Secondly, I am a firm believer that you must always try to improve yourself, staff, menus, products, and atmosphere. The slightest re-invention to keep it fresh—whether it is related to a menu or the atmosphere—is important. And listen…Listen to what your customers and staff have to say, whether it is good or bad. Listen to what they want, and try to meet their expectations.

Thirdly, I have learned that everyone likes memories—whether they are past or future. So, I strive to touch on the things that remind customers of their parents, grandparents, or products that seemed to be lost along the way. I keep in mind that customers and people in general just want to feel good. Food is not just a staple of life but an institution of culture and happiness.

Finally, I’ve learned never to be afraid to ask. Asking the staff about their opinions and ideas or just bouncing ideas off of them is very valuable. When putting together a promotion, I will sometimes bounce ideas off of the staff for three reasons: for further input/ideas, to get them excited for upcoming dates, and to create a sense of ownership that they had input on the event. We are fortunate to have a wonderful crew that truly believes in our philosophies and passion for everything Wisconsin. They get just as excited as customers when we have a new beer or a special of the day. All of them help make The Old Fashioned the institution it is becoming.

The Rewards are Plentiful

The most rewarding feeling comes when people walk in and see our beer list with 55 different tap lines—or the goblet of PBR with a pickled egg in it—with full amazement. Or when I hear customers talk about how their parents used to make brandy slush in summer and they haven’t had one in twenty years. It is rewarding to hear patrons telling stories of their past because something at The Old Fashioned reminded them of it, or to see the faces of customers that have never eaten a cheese curd before after their first bites, or to serve the person that swears they hate bleu cheese a piece of Wisconsin artisan bleu cheese and they are blown away. Those are emotions and experiences I want to bring to everyone that walks in the door. A place they can feel at home, share experiences, meet new friends, have great food and drinks, and develop more memories. That is the supper club I remember as a kid. And nothing is more satisfying than seeing that continue.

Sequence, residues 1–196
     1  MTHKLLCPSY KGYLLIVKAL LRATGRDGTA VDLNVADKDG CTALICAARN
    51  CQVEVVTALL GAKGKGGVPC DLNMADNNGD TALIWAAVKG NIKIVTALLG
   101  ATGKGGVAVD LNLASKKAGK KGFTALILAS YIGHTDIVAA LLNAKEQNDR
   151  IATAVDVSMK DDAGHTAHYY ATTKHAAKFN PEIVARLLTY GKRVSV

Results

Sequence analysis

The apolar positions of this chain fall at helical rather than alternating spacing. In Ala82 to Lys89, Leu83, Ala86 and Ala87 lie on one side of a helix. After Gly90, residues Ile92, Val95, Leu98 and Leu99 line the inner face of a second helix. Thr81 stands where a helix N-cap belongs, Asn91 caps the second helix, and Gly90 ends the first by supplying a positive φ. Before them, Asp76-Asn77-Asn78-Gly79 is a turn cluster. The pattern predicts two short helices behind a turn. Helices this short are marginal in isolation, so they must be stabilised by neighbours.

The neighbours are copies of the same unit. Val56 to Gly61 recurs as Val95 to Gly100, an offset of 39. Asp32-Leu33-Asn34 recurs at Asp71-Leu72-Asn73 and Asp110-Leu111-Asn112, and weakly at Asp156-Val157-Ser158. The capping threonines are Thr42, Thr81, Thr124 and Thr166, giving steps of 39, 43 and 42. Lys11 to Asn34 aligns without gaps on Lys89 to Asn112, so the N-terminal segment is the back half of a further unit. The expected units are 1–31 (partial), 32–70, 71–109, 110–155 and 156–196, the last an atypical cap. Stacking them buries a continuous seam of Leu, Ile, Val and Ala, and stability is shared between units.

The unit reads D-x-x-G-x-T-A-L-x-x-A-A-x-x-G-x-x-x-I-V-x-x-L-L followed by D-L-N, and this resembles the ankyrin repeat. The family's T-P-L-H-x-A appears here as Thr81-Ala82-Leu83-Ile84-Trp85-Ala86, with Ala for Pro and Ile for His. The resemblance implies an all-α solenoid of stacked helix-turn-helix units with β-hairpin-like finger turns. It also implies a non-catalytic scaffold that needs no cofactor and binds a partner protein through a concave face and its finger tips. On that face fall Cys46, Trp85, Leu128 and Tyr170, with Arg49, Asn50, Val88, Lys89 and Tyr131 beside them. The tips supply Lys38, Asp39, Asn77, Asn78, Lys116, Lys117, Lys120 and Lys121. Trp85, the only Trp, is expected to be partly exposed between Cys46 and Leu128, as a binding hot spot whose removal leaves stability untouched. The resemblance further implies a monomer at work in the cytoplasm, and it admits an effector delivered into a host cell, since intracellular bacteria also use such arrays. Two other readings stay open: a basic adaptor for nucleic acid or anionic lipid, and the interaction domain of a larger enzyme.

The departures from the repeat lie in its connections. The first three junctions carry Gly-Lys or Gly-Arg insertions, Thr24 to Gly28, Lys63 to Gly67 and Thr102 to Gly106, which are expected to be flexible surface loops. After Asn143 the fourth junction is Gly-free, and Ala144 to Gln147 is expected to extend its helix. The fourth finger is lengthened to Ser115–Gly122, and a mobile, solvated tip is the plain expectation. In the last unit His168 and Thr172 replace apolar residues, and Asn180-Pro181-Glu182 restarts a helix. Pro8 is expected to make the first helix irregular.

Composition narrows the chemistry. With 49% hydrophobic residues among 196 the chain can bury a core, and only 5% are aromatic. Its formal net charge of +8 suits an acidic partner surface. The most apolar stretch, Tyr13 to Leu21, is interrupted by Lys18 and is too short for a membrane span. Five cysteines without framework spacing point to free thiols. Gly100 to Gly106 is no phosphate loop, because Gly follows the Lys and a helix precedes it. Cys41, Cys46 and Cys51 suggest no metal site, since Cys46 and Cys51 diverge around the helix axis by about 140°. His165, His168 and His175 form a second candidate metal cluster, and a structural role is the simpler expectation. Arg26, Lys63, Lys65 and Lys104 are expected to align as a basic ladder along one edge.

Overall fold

My favorite evening here was a Friday night about a year ago. A group of 12 people came in for an 80th birthday party. The lady who was celebrating her birthday was shy and so cute, about five feet tall, wearing a cute red sweatshirt with a cardinal embroidered on it. The wait for a table was one-and-a-half hours, so the group bellied up to the bar. To make a long story short, three-and-a-half hours later, when they were leaving, she came up to me and gave me a hug and said, “This was the best birthday of my life. I have never laughed so hard and had so much fun. This was my first time here but will not be my last. Thank you.” Then I noticed that she had on a t-shirt over her sweatshirt that said “Badgers Rule” (which had belonged to a twenty-something gentlemen sitting near them at the bar), and a birthday hat made from one of our beer menus. I asked her how she obtained the shirt and the hat. She said, “All I said was, ‘I like your shirt,’ and the good looking bartender made me the hat, just think if I would have had three Old Fashioneds instead of two—what I would have gotten?!” She was laughing all the way out the door. I just watched her walk away, thinking, “That’s what it is all about.” Those are the moments that warm my soul and make me proud to be a part of The Old Fashioned.